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Homework Help: Independent Random Variables

  1. Oct 25, 2009 #1
    If x and y are independent and identically distributed exponential random variables, and

    z = x+y
    w = x-y

    are z and w also independent?

    Do I have to actually find the joint pdf of z and w, then find the marginals and then see if they multiply to equal the joint pdf?

    Or is there a way to just look at z and w and say whether they are independent or not?

    I'm thinking like this: say z = 10... then w could be 5-5=0, but it could also be 10-0=10, or 3-7=-4. So w can be different things when z equals a certain number, but nonetheless it is still constrained by the value of z, so therefore they are not independent. (for example, if z = 10, w could never be 1000)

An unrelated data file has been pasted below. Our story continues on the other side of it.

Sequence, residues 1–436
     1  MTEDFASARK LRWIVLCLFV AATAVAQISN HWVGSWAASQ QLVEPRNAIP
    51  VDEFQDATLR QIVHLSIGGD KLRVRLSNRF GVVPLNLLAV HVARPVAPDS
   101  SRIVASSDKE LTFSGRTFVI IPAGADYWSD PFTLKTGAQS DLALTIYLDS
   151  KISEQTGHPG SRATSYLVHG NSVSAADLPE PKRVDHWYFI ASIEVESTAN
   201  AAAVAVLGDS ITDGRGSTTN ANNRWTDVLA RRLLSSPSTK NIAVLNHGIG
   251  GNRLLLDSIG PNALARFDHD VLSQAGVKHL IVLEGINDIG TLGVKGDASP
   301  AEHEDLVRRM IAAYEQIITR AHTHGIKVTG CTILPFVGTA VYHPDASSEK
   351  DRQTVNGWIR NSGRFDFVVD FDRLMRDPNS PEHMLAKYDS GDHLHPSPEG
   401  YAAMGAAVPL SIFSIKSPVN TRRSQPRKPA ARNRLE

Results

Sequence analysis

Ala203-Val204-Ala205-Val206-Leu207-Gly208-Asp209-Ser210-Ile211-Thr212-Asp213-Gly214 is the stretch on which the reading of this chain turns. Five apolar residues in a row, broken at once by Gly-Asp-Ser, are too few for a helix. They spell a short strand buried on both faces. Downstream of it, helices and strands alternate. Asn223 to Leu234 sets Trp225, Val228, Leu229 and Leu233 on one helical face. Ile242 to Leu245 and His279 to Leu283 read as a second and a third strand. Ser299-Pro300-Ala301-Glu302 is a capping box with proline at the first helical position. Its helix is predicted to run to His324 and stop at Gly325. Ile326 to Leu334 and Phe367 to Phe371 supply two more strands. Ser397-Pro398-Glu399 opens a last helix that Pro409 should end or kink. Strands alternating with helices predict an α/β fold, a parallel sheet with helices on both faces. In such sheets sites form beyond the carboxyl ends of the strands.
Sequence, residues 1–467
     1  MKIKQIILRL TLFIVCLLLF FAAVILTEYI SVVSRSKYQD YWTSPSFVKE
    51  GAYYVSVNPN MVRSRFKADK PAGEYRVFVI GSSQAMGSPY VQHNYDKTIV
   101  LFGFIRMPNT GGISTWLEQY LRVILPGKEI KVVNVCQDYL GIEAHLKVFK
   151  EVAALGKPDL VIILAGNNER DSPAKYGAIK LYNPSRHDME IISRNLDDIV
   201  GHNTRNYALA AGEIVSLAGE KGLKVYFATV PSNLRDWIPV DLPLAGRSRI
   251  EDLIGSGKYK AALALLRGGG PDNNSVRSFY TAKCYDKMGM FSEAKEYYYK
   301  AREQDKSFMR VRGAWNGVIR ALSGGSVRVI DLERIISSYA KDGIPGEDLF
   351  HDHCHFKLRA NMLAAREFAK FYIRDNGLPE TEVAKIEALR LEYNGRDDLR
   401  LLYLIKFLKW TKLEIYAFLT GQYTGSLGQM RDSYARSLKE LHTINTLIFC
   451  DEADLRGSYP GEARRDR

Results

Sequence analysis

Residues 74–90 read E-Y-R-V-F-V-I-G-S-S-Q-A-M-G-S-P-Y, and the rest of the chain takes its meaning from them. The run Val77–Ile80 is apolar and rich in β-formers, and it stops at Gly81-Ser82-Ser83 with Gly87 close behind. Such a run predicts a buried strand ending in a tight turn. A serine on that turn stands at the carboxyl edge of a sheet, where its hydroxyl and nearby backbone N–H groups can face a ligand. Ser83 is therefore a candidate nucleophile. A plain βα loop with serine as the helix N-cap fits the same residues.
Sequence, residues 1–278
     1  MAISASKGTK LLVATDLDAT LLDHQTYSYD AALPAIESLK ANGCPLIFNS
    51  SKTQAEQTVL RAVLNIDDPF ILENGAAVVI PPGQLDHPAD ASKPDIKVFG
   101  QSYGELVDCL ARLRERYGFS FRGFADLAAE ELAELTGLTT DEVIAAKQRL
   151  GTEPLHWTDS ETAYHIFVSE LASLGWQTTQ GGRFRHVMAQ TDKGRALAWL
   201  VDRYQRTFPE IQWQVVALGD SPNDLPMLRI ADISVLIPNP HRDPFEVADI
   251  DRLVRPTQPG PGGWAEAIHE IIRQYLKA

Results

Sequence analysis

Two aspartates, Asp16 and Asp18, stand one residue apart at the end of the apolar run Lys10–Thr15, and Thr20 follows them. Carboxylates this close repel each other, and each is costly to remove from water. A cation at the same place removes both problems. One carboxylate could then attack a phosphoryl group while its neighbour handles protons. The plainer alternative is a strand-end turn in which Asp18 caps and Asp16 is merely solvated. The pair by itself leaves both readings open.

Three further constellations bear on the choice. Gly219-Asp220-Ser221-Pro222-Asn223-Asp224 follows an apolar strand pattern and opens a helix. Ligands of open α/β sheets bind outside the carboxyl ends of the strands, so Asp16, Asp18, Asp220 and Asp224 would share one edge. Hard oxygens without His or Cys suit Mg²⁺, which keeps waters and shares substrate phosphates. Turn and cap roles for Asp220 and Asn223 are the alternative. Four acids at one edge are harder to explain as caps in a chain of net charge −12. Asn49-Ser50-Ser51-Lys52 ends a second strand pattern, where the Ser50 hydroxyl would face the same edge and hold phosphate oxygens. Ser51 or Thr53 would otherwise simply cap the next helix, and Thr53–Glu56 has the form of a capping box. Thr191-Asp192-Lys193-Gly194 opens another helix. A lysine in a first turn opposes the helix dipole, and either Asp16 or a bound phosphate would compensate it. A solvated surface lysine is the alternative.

Is this reasoning correct? I know the definition of independence, but I believe that I have a very poor intuition of it. It's also pretty tedious to do the joint pdf to marginal pdfs comparison, if I could instead figure some of this stuff out by simple argument.
  2. jcsd
  3. Oct 25, 2009 #2


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    Homework Helper

    could you have a look at the covariance? - i think if events are independent the covariance should be zero
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